Well, it wasn’t the final episode of M*A*S*H. If anything it was closer to the final episode of Cheers or Friends. And, not being a Harry Potter fan, it was a first time experience for me, a movie being the final episode of a series. But when you’ve got a name like Endgame, I guess the clues were there.
The things I liked most about it were the fact that it did something the comics haven’t done (or if they have, they’ve quickly undone it) and that is end the lead characters’ stories. If you’ve read this far then you should be ready for the spoiler that Iron Man is dead and Captain America has grown old gracefully. I loved both those endings. If the comics weren’t interminable soap operas, it would be great to have seen them do that, but in the Marvel Comic Universe that’s never been an option, for long.
My favourite bits were the human stories - Tony Stark meeting his dad, Captain America finally getting his date with Agent Carter - and the humour - Thor becoming a comedy character rather than a boring God was the best thing that ever happened to him.
The stories you were supposed to care about - Karen Gillen’s character vs her sister, her dad and herself have never gripped me, and I would have been quite happy if Hawkeye and Black Widow had both fallen off the cliff. They had gone from boring characters to non characters, which was a great shame.
As for the rest of the film, it’s a waste of time to go into the plot holes and time-travel inconsistencies (which Rich Johnston does rather well here, and Screen Rant does in pathological detail here), they were just silly. And they had their cake and ate it by name-dropping every other time-travel movie and then going on to be not-quite-as-good as any of them. Yes, Bill & Ted’s Excellent Adventure and Back To The Future are way way better stories than Avengers Endgame, which nobody can deny.
And then there is the “who da hell is dat?” problem, that haunts every Marvel universe film. For everyone in the audience who had a) seen every previous movie in the series and b) cared enough to remember the details of what had happened in every one, there were a dozen people who hadn’t. I, for example, haven’t seen Captain Marvel. So her appearance as some kind of Deus Ex Machina with seemingly infinite powers was just disappointing and frustrating. I also haven’t seen the Tom Holland Spider-Man movies, so his inclusion in this and Infinity War was just rubbish. He adds nothing to the film other than being meat in the room, and not very interesting meat at that.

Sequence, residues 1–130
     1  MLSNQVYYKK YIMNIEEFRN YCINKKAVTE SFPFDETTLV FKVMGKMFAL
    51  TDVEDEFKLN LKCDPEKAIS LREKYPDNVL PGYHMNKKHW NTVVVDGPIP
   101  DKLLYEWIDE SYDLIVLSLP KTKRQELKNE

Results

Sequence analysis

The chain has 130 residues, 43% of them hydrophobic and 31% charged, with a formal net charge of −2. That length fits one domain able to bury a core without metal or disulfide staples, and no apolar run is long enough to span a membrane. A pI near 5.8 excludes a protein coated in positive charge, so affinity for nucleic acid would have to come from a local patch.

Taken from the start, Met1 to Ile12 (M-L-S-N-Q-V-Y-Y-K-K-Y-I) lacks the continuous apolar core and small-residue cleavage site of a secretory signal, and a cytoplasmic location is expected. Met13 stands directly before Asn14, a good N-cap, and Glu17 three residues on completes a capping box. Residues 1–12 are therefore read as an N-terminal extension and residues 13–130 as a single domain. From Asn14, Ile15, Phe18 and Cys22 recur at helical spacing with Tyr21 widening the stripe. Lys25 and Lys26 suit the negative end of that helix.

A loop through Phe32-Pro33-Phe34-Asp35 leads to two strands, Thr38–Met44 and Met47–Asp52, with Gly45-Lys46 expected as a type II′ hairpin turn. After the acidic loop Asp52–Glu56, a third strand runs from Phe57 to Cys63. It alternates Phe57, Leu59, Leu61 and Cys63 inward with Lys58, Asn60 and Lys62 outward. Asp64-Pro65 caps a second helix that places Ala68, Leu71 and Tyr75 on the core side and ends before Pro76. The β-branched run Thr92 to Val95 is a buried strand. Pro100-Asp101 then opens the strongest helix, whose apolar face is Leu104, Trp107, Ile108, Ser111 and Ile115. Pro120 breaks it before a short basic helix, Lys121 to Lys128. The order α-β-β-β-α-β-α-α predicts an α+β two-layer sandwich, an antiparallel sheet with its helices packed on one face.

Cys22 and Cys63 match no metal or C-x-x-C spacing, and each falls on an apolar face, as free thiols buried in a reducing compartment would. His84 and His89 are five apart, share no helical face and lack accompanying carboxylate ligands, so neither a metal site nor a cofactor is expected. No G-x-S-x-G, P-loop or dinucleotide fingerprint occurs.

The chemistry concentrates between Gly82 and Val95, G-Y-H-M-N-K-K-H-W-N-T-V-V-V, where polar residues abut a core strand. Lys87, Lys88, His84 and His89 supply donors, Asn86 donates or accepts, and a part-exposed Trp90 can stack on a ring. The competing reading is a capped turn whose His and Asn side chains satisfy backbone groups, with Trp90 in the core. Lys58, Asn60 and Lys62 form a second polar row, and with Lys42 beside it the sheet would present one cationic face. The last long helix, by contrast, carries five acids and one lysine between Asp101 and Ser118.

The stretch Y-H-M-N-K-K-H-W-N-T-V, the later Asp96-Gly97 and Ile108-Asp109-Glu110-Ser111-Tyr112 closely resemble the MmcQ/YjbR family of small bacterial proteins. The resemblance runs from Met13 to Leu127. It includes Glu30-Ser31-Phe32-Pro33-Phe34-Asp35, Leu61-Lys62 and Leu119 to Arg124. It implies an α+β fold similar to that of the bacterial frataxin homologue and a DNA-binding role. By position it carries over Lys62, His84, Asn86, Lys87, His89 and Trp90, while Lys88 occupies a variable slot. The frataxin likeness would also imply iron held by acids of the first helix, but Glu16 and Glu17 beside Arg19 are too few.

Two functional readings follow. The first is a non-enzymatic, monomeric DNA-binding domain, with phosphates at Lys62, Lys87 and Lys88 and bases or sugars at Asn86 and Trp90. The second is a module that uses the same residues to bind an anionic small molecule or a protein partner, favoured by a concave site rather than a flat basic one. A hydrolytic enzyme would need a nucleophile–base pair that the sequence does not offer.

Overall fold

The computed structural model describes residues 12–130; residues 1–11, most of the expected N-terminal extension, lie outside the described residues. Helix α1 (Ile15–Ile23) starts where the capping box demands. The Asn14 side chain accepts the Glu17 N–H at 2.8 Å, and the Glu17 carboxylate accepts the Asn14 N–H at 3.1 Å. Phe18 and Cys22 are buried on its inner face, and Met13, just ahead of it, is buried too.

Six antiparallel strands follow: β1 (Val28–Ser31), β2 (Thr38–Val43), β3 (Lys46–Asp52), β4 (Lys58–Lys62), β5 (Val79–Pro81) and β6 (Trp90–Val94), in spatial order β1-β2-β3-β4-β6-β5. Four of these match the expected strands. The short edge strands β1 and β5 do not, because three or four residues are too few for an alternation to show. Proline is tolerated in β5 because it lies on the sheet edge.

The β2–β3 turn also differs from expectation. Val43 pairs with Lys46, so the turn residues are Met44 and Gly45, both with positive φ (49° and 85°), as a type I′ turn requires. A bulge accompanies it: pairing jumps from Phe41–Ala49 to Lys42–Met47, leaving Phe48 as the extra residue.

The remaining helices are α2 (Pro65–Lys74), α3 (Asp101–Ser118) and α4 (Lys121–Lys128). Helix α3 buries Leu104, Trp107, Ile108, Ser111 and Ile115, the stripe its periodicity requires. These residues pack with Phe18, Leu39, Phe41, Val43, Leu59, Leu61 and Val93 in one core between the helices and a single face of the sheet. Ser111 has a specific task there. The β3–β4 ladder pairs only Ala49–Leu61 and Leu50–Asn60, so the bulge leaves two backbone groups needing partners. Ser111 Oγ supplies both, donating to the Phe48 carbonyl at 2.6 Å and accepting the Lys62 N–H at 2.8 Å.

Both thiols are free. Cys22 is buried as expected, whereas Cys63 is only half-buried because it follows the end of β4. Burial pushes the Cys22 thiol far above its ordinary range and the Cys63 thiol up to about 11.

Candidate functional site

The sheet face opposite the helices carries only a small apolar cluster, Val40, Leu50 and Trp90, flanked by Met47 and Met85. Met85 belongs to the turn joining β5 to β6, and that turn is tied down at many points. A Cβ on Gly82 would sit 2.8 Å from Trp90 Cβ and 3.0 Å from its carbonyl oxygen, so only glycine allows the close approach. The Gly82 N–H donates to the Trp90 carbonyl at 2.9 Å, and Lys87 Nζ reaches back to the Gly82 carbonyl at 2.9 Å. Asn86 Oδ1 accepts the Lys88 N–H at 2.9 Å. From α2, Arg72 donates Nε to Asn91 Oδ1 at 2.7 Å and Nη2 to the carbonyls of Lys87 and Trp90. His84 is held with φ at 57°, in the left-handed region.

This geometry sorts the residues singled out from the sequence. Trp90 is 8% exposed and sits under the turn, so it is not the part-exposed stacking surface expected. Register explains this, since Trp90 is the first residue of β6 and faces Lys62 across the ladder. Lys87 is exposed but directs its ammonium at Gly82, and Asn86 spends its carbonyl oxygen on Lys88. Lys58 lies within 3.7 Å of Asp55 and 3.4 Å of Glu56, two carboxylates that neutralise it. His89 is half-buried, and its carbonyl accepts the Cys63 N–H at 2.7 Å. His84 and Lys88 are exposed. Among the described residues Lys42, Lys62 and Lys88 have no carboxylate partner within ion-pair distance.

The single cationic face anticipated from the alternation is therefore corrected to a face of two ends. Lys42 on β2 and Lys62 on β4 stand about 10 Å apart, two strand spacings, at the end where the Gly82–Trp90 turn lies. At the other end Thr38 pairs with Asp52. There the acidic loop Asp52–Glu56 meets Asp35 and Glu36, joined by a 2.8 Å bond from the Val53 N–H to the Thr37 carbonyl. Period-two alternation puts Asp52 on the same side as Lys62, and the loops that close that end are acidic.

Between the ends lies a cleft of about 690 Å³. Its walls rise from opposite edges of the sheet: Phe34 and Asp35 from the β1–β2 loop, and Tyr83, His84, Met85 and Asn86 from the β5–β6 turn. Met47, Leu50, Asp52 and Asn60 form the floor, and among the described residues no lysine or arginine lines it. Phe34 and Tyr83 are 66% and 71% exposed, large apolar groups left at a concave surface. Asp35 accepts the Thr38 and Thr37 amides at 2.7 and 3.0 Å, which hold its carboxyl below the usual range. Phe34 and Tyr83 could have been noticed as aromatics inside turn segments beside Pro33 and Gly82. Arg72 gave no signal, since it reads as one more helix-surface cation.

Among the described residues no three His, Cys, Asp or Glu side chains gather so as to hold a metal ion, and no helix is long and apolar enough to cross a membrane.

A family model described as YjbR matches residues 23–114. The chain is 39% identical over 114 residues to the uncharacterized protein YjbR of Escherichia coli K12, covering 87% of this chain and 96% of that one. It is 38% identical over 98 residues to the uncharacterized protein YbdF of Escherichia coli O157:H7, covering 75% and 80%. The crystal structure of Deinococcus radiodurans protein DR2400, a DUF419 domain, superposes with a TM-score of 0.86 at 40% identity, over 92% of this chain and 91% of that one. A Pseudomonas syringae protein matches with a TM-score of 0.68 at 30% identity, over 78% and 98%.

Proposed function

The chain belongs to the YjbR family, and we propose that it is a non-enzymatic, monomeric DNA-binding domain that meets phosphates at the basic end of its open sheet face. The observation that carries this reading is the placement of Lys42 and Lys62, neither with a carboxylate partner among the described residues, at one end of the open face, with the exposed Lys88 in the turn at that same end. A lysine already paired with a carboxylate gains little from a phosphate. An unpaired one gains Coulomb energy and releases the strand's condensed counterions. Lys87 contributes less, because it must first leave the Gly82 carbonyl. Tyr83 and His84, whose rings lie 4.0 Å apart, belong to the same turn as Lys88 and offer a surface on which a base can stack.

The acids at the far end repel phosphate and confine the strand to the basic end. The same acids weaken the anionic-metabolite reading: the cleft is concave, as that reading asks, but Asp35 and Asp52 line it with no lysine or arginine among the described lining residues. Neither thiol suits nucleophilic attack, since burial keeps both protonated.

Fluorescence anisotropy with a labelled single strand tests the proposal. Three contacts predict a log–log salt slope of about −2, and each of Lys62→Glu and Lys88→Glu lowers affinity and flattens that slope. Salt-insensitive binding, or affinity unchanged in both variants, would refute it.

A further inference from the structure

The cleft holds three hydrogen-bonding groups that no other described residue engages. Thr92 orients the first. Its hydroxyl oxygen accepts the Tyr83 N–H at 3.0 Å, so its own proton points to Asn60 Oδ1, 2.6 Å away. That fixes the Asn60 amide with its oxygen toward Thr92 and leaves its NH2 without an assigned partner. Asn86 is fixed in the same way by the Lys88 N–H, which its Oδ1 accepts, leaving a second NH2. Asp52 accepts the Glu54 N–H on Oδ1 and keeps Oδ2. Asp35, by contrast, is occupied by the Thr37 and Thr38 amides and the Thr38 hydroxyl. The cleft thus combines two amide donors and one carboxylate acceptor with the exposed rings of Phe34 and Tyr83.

He has competition in the not-very-interesting-meat stakes, with at least 20 other characters being there simply so that everyone can say they were there. Benedict Wong must have had fun explaining his day at work filming his non-speaking part, standing there for a few seconds with his hands over his head and warranting a big credit at the end. In fact never have so many done so little for so much and so big a credit. (This topic covered more authoritatively in the New Yorker, here )
I’ll be honest, crossovers and multi-character stories were my least favourite comics as a Marvel-reading kid 40 years ago. When Thanos and the Avengers first teamed up in a big crossover annual by Jim Starlin and (I think) George Perez 45 years ago, I settled for reading my mate Steve’s copy, preferring the small scale intimacy of comics like Howard The Duck, Man Thing, Conan and Master Of Kung Fu. It wasn’t until I’d stopped being a regular Marvel reader that this sort of crossover nonsense got out of hand, in the 1980s, in the series Secret Wars (and its DC equivalent Crisis On Infinite Earths) that read as if it was a cynical effort to shoehorn every character into a series of interlinked comics in order to sell toys. Which, you won’t be surprised to learn, it was.
So Endgame is a pleasant coda to the series of films that have led here, some of which have been truly great pieces of light entertainment. I love two out of three Iron Man films, loved the first Captain America, love Guardians Of The Galaxy, Doctor Strange, Thor Ragnaraok, Avengers Assemble, and Ant Man, and have a lot of time for Black Panther. I’ll get round to seeing the ones I’ve missed eventually, cos none of them was a bad film (and all knock spots off the DC movies to date). But I’m glad it’s all over and I hope it’s an experiment no-one will feel the need to attempt again for a while. Or, if they do, I hope they screw it up and the audience gets bored of it, cos the novelty deserves to wear off soon.
PS: And another thing - five years was too long. The film leaps forward to five years after the “snap”, yet everyone is mourning and moping like they would six months after such an event. Five years is a long time and people have moved on and got positive by then. Look at 1950 as an example. We’re planning the Festival Of Britain, America’s all shiny cars and the birth of rock and roll, and someone in Japan’s starting work on Godzilla. Nobody’s moping around as if World War 2 just finished, and it lasted 6 years not just one day. See also 2006, five years after 9/11.
Kev F Sutherland, as well as writing and drawing for The Beano, Marvel, Doctor Who et al, runs Comic Art Masterclasses in schools, libraries & art centres. email for details. Facebook, Twitter. Promo video here.